Choosing Turbo or Superchargers

Car Junkyard

When it comes to boosting the performance of your car, there are two common options: turbo or superchargers. This blog will review how these two devices may seem similar but work in different ways and offer unique benefits to your car's engine. 

The primary difference between the two is their method of operation. The engine mechanically uses a supercharger; it works by a belt pulley that shifts gears that cause a compressor fan to rotate. In contrast, a turbocharger uses exhaust gases to spin a turbine and compress the incoming air. This fundamental difference leads to power delivery, efficiency, and installation differences.

A turbo is an air compressor that lets more air be pumped into the engine at a higher pressure, replicating the effect of a larger cylinder while increasing its efficiency. This air pump consists of two parts connected by a shaft: the compressor and the turbine end. On one side, only hot ambient air exhaust gases rotate the turbine connected to another, drawing in and compressing the engine's air. This action increases the engine's power and efficiency, as more gasoline can be added for more power as more oxygen enters the combustion chamber.

As the emissions rotate the turbine wheel up to 280,000rpm, the enclosure directs the engine's exhaust gas into the turbine wheel's blades. Once the gas has gone through the turbine wheel, it is released through the system, just like in normally aspirated cars. 

When the combustion system begins, a cycle is established, and the turbo extracts useful functional energy from the exhaust gases. More air in the cylinder allows more gasoline to enter the cylinder, increasing power.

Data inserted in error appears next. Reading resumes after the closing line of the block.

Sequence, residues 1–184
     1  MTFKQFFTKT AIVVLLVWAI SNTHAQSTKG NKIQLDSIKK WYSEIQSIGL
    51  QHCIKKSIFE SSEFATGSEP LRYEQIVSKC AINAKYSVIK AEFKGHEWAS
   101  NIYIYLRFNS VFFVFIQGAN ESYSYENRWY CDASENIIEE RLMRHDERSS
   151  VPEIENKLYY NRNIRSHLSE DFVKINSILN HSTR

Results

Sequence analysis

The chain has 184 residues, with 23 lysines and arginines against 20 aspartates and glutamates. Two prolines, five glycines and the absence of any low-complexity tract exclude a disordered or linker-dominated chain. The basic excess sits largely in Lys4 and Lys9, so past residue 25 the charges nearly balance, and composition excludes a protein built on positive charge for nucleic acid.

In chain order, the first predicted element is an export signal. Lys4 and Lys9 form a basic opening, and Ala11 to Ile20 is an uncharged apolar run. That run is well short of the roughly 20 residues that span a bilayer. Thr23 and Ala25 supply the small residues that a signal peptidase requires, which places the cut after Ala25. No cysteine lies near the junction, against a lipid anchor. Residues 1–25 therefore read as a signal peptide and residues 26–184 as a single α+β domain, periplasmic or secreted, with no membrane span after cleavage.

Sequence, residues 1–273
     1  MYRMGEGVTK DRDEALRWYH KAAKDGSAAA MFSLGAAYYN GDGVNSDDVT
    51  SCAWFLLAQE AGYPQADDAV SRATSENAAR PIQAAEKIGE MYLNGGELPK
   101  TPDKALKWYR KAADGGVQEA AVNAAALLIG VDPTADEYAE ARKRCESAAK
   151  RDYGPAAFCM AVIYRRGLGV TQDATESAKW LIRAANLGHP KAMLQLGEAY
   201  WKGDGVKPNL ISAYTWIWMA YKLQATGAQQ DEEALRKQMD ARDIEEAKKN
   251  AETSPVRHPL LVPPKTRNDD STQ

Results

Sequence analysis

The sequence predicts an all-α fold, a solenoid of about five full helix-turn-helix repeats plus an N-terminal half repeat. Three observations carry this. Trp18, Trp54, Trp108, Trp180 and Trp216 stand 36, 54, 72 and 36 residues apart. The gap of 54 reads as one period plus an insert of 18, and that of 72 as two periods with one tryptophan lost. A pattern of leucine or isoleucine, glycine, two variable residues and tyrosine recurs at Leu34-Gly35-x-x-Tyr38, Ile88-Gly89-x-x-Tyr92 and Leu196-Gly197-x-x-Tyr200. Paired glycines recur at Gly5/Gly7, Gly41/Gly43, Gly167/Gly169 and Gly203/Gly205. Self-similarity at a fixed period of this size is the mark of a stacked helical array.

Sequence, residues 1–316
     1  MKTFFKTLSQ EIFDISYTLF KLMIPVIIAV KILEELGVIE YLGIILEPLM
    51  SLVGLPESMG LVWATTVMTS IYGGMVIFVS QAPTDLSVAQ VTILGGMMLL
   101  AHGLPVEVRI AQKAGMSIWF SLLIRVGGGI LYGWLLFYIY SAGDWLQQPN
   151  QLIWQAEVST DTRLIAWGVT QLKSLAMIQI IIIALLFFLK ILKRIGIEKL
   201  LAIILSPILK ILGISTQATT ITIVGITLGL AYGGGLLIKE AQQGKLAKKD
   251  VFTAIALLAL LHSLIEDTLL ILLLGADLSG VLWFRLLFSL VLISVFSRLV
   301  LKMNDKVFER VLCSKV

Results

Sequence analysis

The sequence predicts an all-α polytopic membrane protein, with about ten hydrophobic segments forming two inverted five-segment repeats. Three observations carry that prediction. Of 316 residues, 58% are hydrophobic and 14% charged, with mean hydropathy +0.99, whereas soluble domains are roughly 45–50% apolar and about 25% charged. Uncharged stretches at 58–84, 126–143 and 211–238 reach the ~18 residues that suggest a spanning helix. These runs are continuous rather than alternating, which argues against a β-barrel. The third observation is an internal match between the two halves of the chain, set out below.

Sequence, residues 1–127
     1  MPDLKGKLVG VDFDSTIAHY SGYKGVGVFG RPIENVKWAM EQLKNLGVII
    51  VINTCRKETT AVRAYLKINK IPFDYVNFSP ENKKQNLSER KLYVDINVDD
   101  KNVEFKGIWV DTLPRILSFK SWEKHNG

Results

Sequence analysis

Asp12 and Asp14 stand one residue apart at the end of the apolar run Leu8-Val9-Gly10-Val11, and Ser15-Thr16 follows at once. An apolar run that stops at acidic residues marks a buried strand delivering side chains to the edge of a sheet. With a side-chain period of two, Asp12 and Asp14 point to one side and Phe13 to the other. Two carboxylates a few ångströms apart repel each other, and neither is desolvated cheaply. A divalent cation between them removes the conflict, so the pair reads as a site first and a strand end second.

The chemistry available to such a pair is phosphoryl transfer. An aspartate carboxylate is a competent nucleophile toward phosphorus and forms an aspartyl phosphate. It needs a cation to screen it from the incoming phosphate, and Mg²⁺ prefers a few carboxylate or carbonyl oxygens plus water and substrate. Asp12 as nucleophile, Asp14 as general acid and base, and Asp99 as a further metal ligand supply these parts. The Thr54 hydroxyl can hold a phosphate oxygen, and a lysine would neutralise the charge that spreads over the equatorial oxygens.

Other than the obvious increase in power and performance, it provides better fuel economy only if it is attached to the smaller engines like the V4 and V6 because they can produce more power as the V8's but end up using less fuel to idle and have less rotating and reciprocating mass which is the factor that improves fuel economy. 

Second, it reduces pollution by producing less carbon dioxide and other noxious emissions than naturally aspirated internal combustion motors.

Lastly, it can offer more consistent power delivery across a wider range of RPMs; since they rely on exhaust gases to spin the turbine, they can provide more boost at higher RPMs, which translates to more power.

This option makes them ideal for high-performance cars, where sustained acceleration is more important than a quick burst of power.

A couple of negative downsides of adding an air pump to auto are:

Turbo lag: When you press the gas pedal, it takes longer to build up sufficient pressure on the combustion chamber to operate the engine. Any vehicle with air lag will experience a difficult time maintaining high speeds and will not accelerate smoothly. 

Engine Wear Out: The faster you drive, the more strain you put on the engine since it has to work twice as much to move the vehicle. Over time, this will eventually lead the motor to get worn out. 

Power Surges: In some situations, with larger turbos, when it reaches the boost threshold, it can provide an almost instantaneous power boost, making it hard to manage the auto and compromise tire action.

Overheating: Turbos get extremely hot and can turn bright red, often tap into the engine's oil supply, and utilize a major chunk of coolant. If an intercooler is unused, the car can break down due to heating or melting components and potentially cause component failure. 

To maintain the turbo in good condition, you must change the oil regularly and maintain good coolant levels to prevent overheating or keep the components from melting.

Now you may be wondering, "How does this thing work?" This car part is belt-operated and most often powered by an engine's crankshaft. It increases power and torque by supplying air to an internal combustion engine. The engine suckers in air by moving its pistons to create a vacuum that compresses the air, a process called forced induction. When air is sucked in, it mixes with fuel, ignites, and causes a combustion reaction that supplies the vehicle with energy.